Search type Search syntax
Tags [tag]
Exact "words here"
Author user:1234
user:me (yours)
Score score:3 (3+)
score:0 (none)
Answers answers:3 (3+)
answers:0 (none)
isaccepted:yes
hasaccepted:no
inquestion:1234
Views views:250
Sections title:apples
body:"apples oranges"
URL url:"*.example.com"
Favorites infavorites:mine
infavorites:1234
Status closed:yes
duplicate:no
migrated:no
wiki:no
Types is:question
is:answer
Exclude -[tag]
-apples
For more details on advanced search visit our help page
Results tagged with Search options user 2421

The command-line is the interactive interface to your shell.

48
votes
It should go to stdout, so you can type: command --help | less This is also recommended by the Gnu Coding Standards on --help. On the other hand, the usage message that you get when you use an inv …
answered Mar 8 '11 by cjm
9
votes
Use GNOME Terminal: /usr/bin/gnome-terminal
answered Dec 19 '10 by cjm
16
votes
As always, you should read a command's manpage to find out how it interprets its arguments. -- is commonly used to indicate the end of the command options. This is especially useful if you want to p …
answered Oct 18 '12 by cjm
5
votes
nail was renamed to Heirloom mailx. For Ubuntu, you want to install the heirloom-mailx package, and then read the Sending mail from scripts section of the manpage.
answered May 31 '11 by cjm
5
votes
The same way you'd time any other shell command: use the time command. $ time pg_restore ... real 1m0.000s user 1m0.000s sys 0m0.000s Here, real is the elapsed wall clock time, which is p …
answered Aug 20 '13 by cjm
27
votes
I think you're looking for otfinfo. There doesn't seem to be an option to get at the Subfamily directly, but you could do: otfinfo --info *.ttf | grep Subfamily Note that a number of the fonts I l …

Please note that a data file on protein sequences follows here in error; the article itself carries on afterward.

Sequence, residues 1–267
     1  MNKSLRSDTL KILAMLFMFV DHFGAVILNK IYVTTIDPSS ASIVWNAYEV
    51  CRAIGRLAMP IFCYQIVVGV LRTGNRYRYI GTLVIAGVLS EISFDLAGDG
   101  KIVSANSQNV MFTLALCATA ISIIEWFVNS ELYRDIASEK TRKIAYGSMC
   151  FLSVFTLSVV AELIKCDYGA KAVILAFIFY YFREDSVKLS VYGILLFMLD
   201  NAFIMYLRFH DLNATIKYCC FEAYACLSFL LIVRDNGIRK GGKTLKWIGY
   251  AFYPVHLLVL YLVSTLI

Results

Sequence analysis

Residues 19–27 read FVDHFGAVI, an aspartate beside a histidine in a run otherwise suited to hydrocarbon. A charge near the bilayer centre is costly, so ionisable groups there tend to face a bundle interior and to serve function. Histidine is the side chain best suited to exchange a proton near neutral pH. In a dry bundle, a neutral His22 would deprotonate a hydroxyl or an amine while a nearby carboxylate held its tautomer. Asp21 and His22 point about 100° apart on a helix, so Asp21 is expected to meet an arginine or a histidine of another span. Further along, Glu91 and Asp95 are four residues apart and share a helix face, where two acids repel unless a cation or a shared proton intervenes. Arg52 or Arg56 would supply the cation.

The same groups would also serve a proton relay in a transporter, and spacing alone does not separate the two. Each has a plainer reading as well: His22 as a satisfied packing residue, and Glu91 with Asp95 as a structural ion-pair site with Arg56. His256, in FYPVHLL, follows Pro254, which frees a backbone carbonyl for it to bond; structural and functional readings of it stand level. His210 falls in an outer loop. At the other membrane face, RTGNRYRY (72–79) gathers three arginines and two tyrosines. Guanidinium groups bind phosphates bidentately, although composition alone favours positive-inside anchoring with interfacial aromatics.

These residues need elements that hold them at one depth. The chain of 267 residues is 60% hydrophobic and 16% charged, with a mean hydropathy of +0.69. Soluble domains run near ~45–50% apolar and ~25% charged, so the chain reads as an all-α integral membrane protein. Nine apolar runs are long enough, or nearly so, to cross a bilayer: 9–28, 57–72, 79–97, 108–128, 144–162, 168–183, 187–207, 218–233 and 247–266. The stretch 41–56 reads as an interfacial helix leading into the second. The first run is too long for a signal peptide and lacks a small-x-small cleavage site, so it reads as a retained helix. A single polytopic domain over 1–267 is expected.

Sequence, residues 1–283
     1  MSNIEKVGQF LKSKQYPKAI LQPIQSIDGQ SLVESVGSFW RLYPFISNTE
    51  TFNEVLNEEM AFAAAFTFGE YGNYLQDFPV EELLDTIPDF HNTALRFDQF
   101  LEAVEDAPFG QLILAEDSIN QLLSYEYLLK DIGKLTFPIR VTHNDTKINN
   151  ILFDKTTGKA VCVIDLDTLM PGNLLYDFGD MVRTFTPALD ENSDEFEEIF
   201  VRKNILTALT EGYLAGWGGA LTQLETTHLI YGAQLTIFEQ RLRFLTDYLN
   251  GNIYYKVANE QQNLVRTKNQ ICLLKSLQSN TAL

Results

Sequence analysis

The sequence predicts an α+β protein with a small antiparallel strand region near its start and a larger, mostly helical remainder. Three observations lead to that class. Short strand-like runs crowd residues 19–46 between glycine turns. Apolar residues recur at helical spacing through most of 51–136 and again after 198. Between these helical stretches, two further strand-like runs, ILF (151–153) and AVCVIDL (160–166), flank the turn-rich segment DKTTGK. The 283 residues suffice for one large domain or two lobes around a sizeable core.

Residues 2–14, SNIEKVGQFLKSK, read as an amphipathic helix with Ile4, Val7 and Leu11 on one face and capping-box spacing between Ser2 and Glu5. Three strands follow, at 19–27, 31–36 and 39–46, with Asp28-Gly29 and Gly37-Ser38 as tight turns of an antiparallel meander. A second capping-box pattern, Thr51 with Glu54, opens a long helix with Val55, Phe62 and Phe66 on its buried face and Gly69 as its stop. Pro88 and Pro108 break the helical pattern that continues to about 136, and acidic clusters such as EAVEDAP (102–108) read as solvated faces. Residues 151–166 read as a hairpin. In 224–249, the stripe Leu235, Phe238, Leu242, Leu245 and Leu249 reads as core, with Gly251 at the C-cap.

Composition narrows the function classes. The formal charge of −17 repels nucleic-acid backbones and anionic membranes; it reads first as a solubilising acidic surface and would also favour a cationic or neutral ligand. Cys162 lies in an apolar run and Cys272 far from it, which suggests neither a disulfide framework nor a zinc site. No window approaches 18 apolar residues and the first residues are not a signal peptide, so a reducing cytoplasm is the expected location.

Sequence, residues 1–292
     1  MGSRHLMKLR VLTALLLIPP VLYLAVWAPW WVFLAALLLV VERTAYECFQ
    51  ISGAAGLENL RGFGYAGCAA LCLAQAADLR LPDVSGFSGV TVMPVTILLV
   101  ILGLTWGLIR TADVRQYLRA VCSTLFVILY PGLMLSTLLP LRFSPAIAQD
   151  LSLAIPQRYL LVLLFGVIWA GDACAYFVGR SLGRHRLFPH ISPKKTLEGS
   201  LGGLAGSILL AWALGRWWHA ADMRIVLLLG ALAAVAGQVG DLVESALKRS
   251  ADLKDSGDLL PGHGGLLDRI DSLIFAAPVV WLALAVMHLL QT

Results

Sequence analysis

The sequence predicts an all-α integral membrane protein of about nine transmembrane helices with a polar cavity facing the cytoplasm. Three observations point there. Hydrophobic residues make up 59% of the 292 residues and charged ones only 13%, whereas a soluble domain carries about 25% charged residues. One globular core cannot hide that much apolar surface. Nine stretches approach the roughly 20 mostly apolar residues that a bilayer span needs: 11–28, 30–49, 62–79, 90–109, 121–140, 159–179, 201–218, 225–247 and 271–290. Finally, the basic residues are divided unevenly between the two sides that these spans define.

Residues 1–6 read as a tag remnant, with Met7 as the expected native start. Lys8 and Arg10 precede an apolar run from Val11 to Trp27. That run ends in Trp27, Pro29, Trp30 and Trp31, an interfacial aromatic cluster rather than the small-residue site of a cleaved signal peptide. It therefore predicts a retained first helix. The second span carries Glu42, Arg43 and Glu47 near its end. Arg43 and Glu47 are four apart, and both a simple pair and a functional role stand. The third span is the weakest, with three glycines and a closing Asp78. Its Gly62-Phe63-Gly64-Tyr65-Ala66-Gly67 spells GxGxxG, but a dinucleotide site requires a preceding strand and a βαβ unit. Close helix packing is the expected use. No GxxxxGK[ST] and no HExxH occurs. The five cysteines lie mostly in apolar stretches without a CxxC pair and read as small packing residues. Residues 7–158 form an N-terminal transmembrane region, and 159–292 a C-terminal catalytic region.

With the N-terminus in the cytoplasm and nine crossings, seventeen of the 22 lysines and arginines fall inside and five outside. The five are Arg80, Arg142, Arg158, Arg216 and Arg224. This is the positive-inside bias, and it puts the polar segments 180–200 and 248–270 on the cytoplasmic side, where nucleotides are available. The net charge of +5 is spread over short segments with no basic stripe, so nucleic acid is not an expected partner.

answered Dec 4 '11 by cjm
38
votes
Many programs that generate colored output detect if they're writing to a TTY, and switch off colors if they aren't. This is because color codes are annoying when you only want to capture the text, so …
answered Apr 7 '11 by cjm
8
votes
It depends on your $PATH. ./script will run /bin/bash script. bash script will use whatever bash comes first in your path, which isn't necessarily /bin/bash, and could be a different version of Bash …
answered Nov 11 '13 by cjm
54
votes
You can use the mogrify command for this. Normally, it modifies files in-place, but when converting formats, it writes a new file (just changing the extension to match the new format). Thus: mogrif …
answered Jan 24 '12 by cjm
86
votes
It's not clear what you mean by "quality loss". That could mean a lot of different things. Could you post some samples to illustrate? Perhaps cut the same section out of the poor quality and good q …
answered Apr 22 '11 by cjm